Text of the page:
I got nothing against Christmas. Hell, I don’t even mind the month-long pummeling of well-wishes and good-cheer tidings. My problem is simply that Christians haven’t met us half-way on this one. They haven’t co-opted any of our Chanukah stuff. Because if what my wife tells me is true—that the Christmas Tree and all its accoutrements are originally Pagan traditions—then what’s the big deal with stealing one more?

So I appeal to you now, Ye Merry Christians of America!! Please. Why not celebrate our common roots, this year, and incorporate a little Judaica into your Christmas Season? This year, why not go ahead and spin a dreidel? Eat a latka. Put on an old Woody Allen record.

What could it hurt, right?

Chappy Cholidays, everyone!!!

Call for Papers — American Humor Studies Association at ALA

PLEASE NOTE: This is a call for papers that is long past. Up-to-date information about the activities of the American Humor Studies Association can be found on its new webpage.  Please visit us by clicking on the bold red link.

Yours in laughter,

Sharon McCoy

DEADLINE: January 15

CALL FOR PAPERS

American Literature Association
23rd Annual Conference
May 24-27, 2012
San Francisco, CA

American Humor Studies Association

The AHSA hopes to sponsor two sessions at the 2012 national meeting. We seek cogent, provocative, well-researched papers on the following subjects:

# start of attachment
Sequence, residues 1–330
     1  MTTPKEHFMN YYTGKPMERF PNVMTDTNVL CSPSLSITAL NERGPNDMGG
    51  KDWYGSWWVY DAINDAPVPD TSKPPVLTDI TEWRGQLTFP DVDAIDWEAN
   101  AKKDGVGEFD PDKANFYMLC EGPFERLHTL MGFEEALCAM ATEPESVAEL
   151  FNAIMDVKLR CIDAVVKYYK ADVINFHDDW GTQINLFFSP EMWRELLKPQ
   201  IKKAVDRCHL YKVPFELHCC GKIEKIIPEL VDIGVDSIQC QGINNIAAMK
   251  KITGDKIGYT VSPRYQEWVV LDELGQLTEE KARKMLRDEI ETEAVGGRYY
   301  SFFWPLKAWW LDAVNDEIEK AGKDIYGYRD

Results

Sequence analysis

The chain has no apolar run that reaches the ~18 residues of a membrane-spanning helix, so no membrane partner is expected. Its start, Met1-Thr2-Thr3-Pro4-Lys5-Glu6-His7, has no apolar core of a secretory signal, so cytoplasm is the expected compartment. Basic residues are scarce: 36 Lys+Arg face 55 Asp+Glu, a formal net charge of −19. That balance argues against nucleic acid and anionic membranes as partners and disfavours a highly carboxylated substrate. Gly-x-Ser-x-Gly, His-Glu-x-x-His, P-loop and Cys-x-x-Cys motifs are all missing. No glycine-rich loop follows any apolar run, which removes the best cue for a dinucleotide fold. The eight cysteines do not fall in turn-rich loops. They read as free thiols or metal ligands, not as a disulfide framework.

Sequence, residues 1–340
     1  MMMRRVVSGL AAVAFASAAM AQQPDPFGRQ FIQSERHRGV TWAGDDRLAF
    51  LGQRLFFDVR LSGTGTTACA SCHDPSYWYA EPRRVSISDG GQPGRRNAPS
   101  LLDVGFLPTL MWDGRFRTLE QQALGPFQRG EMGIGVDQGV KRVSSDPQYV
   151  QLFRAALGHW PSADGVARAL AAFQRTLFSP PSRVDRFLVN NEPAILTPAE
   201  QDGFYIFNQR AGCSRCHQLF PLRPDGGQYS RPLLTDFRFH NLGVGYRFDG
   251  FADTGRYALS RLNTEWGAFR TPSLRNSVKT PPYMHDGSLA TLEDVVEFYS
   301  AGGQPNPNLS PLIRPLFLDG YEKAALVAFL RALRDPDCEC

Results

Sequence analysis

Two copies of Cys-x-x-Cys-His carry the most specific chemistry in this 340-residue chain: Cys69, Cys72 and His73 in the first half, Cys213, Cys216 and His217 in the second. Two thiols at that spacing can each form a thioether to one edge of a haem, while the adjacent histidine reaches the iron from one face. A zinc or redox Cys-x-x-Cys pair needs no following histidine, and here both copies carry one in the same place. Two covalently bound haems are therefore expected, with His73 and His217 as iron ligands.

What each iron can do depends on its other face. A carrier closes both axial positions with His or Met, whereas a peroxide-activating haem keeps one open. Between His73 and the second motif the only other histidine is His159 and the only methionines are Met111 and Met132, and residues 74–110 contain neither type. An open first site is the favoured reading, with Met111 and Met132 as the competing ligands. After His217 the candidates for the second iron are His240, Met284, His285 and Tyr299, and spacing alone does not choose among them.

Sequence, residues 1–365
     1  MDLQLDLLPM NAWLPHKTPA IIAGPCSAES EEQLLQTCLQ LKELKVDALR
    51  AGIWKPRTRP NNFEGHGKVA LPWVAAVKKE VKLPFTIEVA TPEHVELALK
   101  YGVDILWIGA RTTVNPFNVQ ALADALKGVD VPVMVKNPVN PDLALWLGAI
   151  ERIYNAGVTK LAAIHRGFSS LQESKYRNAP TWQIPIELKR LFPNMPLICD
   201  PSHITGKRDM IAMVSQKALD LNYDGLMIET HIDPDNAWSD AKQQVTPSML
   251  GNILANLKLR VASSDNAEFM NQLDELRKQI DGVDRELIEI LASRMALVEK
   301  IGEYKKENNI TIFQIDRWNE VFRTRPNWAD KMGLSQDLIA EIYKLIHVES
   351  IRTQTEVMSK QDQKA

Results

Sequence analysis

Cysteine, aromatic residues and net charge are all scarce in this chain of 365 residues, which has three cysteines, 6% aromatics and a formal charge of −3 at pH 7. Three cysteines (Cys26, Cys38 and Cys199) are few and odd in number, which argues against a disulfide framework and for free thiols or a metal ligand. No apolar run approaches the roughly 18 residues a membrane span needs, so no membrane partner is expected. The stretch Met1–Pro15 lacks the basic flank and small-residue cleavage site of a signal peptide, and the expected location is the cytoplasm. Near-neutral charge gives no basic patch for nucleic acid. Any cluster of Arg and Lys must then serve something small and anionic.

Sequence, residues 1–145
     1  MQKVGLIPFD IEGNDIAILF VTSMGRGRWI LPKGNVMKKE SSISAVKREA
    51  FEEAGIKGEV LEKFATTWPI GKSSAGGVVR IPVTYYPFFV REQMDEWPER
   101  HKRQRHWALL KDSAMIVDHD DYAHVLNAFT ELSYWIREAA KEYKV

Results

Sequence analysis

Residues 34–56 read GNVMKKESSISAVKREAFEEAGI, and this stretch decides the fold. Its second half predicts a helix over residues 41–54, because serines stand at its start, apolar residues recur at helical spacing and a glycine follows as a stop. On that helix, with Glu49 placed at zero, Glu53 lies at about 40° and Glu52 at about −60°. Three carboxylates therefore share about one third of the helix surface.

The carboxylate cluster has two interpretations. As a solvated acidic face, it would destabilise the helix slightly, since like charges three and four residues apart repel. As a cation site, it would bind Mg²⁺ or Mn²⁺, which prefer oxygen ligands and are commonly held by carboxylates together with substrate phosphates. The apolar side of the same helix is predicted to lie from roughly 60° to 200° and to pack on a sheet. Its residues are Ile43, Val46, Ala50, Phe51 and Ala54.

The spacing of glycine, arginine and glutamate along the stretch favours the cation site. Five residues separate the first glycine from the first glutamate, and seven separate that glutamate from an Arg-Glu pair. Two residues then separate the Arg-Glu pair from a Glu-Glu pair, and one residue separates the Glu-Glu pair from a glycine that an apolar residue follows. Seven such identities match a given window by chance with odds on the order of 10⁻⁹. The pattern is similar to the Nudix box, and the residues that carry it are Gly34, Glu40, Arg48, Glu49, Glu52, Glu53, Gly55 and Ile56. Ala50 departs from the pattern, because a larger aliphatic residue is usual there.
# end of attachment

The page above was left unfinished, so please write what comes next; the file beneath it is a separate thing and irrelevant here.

1. “Humor, comedy, wit: what can these words mean now?” Abstracts (300 words max.) are encouraged which seek to refresh and clarify fundamental terminology in humor studies, or to shed light on the recent history of those terms.

2. “Humor as American Cultural Practice.” Abstracts (300 words max.) are encouraged on how the history of comic discourses can and should figure into broader constructions of literary, political, and cultural history.

Please e-mail abstracts no later than January 15, 2012 to Bruce Michelson (brucem@illinois.edu<mailto:brucem@illinois.edu> ) with the subject line: “AHSA session, 2012 ALA.” Notifications will go out no later than January 20, 2012.

. . . ’tis the season to be jolly . . .

A journalist once asked actress Sophia Loren to explain the secret to her long, happy marriage. She reflected for a moment. “I have no explanation,” she finally said. “If you want to dissect something, you have to kill it first.” In that same spirit, I bring you this “only in America” holiday video with no analysis. (Thanks to my surname, I can post it without blinking.) Of course, if you have any pointed insights you wish to share, your comments are welcome.

Joy to the world. God Bless us everyone.  . . . fa-la-la-la-la, let’s lighten up . . .

. . . For better or worse, songs are poems.

Dominick the Donkey” was written by Richard Allen, Sam Saltzberg and Lou Monte, an Italian-American singer best know for novelty records. It charted at number 14 in the Billboard Hot 100 in December of 1960. The story has no specific connection to folklore, though the donkey is a well known symbol of Christmas in Italy.

The Time I Had Them Mutilate My Son’s Genitals

Let me begin with a word of warning to those of you whose shiksa wives have just given birth at home, in a tub, to a beautiful baby boy, whose penis you now want to ritually scarify in order to satisfy a supposed covenant with God. Don’t wait until the last minute to spring the news! And don’t do this either: don’t act like it’s all taken for granted, like it’s all been decided upon. Don’t play dumb, is what I’m saying.